Cyphononyx bretonii which is pictured on Wasp Web where it states that it is found in Egypt as well as many other parts of Africa.

What's That Bug? does not endorse extermination

Subject: Spider Wasp
Location: Near Pittsburgh PA
July 11, 2017 4:51 am
I’m pretty sure this a spider wasp (Pompilidae) of some sort, but I hope that you can tell what variety.
Signature: Terry M

Spider Wasp with Prey

Dear Terry,
Based on BugGuide images, we are pretty confident your Spider Wasp is
Tachypompilus ferrugineus, and of the genus, BugGuide states:  “Adults are often found taking nectar from flowers (Daucus, Pastinaca, and Eryngium). Females provision nests mainly with Lycosids.”  Based on that information, the prey is most likely a Wolf Spider.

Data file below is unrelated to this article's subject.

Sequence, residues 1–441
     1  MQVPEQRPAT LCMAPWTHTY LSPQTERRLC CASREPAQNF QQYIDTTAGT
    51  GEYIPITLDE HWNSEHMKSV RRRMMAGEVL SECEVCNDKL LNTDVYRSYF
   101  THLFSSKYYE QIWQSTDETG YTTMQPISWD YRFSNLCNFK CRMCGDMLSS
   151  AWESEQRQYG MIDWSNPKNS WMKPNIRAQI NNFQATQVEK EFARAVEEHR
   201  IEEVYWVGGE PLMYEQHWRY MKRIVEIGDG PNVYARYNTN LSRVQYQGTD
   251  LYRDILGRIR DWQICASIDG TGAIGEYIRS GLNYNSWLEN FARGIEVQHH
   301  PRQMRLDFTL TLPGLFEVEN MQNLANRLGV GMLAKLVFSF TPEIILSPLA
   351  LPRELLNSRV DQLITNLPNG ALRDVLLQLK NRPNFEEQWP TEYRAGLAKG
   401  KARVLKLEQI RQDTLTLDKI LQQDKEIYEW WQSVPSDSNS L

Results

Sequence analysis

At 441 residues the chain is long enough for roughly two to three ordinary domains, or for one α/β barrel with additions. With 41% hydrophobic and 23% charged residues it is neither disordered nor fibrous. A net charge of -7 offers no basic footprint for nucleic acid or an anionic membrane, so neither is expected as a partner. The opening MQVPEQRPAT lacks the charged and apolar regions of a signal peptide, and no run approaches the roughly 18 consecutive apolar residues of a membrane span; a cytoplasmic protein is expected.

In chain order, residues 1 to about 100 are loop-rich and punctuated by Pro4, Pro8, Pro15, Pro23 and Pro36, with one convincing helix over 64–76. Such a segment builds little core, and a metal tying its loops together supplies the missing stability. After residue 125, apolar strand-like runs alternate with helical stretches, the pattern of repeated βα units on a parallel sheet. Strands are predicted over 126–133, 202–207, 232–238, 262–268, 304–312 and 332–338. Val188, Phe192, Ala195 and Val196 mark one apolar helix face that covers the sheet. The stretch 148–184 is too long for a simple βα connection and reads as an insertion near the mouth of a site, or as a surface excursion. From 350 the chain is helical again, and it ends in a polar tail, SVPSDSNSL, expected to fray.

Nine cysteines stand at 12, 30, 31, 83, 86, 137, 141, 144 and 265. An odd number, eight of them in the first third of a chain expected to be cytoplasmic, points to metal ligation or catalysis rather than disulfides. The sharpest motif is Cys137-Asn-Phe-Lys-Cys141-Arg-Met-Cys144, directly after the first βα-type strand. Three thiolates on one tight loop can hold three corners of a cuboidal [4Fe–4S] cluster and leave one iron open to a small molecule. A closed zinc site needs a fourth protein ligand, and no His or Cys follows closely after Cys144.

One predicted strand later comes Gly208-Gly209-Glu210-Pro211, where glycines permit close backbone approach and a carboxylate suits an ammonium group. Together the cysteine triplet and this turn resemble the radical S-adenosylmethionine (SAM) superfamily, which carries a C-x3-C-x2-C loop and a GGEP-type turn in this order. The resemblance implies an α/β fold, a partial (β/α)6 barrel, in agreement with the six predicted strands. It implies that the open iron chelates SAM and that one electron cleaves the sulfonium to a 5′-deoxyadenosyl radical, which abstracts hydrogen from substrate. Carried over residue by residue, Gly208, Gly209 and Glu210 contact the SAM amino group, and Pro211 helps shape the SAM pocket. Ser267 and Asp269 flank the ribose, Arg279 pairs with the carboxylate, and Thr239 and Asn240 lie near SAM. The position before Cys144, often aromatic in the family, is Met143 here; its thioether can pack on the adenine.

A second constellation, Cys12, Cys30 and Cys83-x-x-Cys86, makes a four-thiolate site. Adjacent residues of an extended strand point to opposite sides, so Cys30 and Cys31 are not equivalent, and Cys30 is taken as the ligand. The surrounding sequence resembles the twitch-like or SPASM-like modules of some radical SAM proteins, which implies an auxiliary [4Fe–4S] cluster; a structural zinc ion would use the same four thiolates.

What's That Bug? does not endorse extermination

Subject: Tarantula hawk?
Location: Rauco, Maule, Chile
April 6, 2017 6:16 pm
I spotted this beautiful looking insect in my garden in central Chile today,
I’ve looked about online and it seems to look like a Tarantula hawk! wow. The only other pictures that look the same, with the metallic blue colour and orange anteni, were from Puerto Rico and Cosa Rica , so surprising to see one all the way down here.
Also, slightly concerning that when I saw it my puppy was playing with it, the sting being described as “like a lightning bolt struck the spot, the pain is beyong imagination” on a BBC article I read. Did my puppy have a lucky escape?
The picture isn’t great quality, sorry, but I thought it would be worth a look!
Signature: Tristan

Spider Wasp

Dear Tristan,